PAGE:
What's that the First Amendment says about the ability of individuals to do as they please?
"Congress shall make no law ... abridging the freedom of speech, or of the press; or the right of the people peaceably to assemble ..."
Someone needs to inform policymakers in the Washington, D.C., suburb of Fairfax, Va., that limiting the size of gatherings has never been considered sound policy in these United States.
Allow my colleague Ken Ward to explain:
The proposed zoning ordinance limits "group assembly" at residences to 49 people a day. Such gatherings "shall not occur more frequently than three times in any 40-day period."
County officials say they have received complaints about group meetings at homes.
How many complaints? According to Pat Herrity, a city supervisor, Fairfax's Department of Code Compliance received a grand total of six complaints about large gatherings last year, which works out to less than 1 percent of all complaints received by the department.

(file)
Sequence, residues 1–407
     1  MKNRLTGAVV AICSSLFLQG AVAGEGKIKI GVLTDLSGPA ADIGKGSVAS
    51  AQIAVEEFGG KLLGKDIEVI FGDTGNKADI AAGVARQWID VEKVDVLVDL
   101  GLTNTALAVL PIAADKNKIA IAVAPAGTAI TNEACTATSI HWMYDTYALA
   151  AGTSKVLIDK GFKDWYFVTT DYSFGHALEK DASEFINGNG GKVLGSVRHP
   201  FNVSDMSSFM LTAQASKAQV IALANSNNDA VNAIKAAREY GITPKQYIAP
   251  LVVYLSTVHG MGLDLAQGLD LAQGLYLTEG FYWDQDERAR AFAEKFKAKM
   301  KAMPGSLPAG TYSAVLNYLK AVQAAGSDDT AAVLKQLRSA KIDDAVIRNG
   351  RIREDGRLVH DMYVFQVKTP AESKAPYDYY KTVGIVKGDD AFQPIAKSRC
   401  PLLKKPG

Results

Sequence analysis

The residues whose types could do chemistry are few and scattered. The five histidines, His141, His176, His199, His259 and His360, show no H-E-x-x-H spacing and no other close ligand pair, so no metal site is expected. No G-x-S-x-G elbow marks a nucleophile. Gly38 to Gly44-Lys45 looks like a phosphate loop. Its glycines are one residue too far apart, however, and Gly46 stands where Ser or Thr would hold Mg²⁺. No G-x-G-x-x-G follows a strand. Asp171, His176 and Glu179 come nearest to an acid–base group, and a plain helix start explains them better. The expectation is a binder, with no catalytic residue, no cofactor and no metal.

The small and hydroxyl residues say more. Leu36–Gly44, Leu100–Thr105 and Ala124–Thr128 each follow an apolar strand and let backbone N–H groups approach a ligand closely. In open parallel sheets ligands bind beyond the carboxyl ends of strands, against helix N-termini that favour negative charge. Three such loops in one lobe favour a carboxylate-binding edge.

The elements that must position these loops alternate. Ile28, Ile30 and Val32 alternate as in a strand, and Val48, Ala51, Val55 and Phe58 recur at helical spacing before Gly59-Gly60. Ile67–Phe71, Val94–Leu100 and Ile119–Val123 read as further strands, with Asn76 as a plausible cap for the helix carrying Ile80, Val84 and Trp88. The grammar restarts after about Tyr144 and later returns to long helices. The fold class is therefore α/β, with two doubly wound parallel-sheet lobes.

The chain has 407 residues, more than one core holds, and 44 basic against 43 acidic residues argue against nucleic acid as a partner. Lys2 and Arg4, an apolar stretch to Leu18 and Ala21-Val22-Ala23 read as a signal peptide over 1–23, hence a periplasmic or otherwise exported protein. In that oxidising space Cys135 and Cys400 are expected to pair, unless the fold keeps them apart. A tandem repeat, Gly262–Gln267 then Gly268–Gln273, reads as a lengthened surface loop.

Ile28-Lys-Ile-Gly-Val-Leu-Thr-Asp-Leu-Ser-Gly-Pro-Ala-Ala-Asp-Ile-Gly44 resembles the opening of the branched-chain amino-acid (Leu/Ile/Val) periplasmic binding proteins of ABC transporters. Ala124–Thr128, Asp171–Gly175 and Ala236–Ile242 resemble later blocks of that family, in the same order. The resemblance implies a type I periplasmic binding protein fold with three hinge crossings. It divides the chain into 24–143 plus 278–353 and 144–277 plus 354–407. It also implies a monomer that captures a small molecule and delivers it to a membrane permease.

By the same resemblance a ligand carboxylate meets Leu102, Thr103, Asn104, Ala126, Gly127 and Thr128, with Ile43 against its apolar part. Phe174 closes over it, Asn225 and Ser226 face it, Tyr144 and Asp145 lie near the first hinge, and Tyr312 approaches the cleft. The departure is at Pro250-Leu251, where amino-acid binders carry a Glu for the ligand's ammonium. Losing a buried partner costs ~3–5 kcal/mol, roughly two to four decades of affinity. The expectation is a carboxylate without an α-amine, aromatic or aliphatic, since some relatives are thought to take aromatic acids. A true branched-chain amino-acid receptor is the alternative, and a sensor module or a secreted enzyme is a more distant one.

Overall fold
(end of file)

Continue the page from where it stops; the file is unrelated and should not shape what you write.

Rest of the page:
In other words, once every two months last year, one of the 23,000 residents of Fairfax threw a big party. Clearly, something must be done to bring order to this madness.
Like most seemingly well-intentioned efforts to limit individuals' rights, this one has its share of unintended consequences.
Church groups, Scouting organizations, and even sports fans who like to have a bunch of friends over for the Super Bowl could be targeted by the proposed law.
Herrity said it's a lawsuit waiting to happen.
John Whitehead, an attorney and president of the civil-libertarian Rutherford Institute, told Ward the effort is "nefarious" because it shows the city government assumes private property belongs to it, rather than to individual owners.
For their efforts to regulate the size of community gatherings and limit the right to peacefully assemble, the city government of Fairfax, Va., wins this week's Watchdog Nanny State award. Its prize is never getting invited to another Super Bowl party — ever.
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